HCA 340 Managing in Health & Human Services Instructor: Elizabeth Wells-Beede Latriest Fisher July 18, 2011 Course Learning and Outcomes Read texts that you deem most important or relevant for a course first, particularly when your professor mentions a passage or when a reading is to be covered in class. Prioritize readings by determining what will be reviewed in discussion sections and by knowing test dates and due dates for papers. Be sure that you have enough time to complete your reading assignments by scheduling more time than you think you need.
To get the most from your class readings, use the following tips; managing reading assignments, and Reading effectively. Condense information take margin notes and highlight important points within readings. When it is time to study for tests, focus on the notes you’ve taken and the passages you’ve highlighted in a separate notebook; write down ideas and questions that arise while you’re reading. This will help you think critically about what you’ve read, and will serve as a guide as you study for tests, write papers, and ask questions in class. Identify sequences of events in your readings and make lists to put events in order.
Gain a broader understanding of what you read by visualizing characters and working to grasp their motivations. Be attentive to cause-effect relationships that are central to knowing why events happen. Prioritize your reading assignments, Read the assignments that you deem to be most important first. If you know some readings will be covered in class, or if your professor has mentioned specific reading assignments, those may be your priority. Similarly, you may want to prioritize assignments in which you’re reading about things you don’t know over assignments that cover subjects that you’re familiar with.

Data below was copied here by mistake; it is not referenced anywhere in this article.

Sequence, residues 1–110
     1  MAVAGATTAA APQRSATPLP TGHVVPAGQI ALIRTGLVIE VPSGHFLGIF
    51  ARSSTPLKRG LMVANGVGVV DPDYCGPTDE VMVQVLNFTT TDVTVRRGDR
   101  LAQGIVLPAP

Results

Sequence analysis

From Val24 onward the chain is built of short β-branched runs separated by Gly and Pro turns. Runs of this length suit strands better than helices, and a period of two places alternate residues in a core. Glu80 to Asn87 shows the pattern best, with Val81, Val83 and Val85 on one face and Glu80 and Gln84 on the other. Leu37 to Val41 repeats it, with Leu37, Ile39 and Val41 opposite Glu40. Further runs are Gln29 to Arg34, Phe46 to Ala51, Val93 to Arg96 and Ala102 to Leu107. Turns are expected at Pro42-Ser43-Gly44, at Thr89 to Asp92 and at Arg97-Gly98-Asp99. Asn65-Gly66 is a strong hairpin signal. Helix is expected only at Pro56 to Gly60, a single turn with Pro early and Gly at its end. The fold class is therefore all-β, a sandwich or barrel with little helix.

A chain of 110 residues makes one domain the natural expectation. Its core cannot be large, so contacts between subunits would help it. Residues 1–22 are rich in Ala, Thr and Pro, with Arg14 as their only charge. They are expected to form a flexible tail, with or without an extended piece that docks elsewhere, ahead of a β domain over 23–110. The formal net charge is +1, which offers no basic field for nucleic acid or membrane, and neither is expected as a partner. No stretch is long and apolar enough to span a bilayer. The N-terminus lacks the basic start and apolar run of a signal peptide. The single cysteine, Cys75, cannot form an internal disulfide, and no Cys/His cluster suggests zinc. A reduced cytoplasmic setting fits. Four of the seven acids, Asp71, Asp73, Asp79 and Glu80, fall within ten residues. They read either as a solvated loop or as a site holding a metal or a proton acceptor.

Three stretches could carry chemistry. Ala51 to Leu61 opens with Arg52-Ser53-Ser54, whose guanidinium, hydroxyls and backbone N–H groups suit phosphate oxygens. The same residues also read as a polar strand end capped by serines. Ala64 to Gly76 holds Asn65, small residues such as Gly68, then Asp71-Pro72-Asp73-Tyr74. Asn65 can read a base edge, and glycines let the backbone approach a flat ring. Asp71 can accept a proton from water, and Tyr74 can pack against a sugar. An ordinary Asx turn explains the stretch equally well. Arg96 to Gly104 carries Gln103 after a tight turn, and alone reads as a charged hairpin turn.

Generally, you may want to read primary source assignments for a class before reading secondary source is to find a place to read where you feel comfortable. An ideal place to read minimizes outside distractions and is well lit. Evaluate the reading progress you make where you currently study. If you feel you could read better elsewhere, give a new place a try. To become an effective reader, you must be an active reader. That means doing more than just reading the words on each page of a reading assignment; it means becoming involved with material and thinking about it while you read.
The basic steps for becoming an active reader are: Know generally what you’re going to cover in a reading assignment and why. Make a rough outline of the reading assignment as you go Watch for key terms and take notes with brief definitions Take notes on the main points and general themes Summarize your reading assignments in short paragraphs Write a short reflective response about the reading assignment after you’re finished with it . Skim texts and read selectively only if you don’t have enough time to devote to reading an entire assignment.
To skim a text you need to: Read introductions, conclusions, and summary paragraphs, read the first and last lines of paragraphs look at all illustrations, graphs, and tables read all words and phrases that are highlighted in bold or italics. The Discussion questions that have to be answered each week are a form of seeing if we have read and understood the particular chapter. The process of responding to your fellow classmates gives us the ability to interact with our fellow classmates. To have a view of their opinion as well as gaining a new friend that you may have to call on down the road.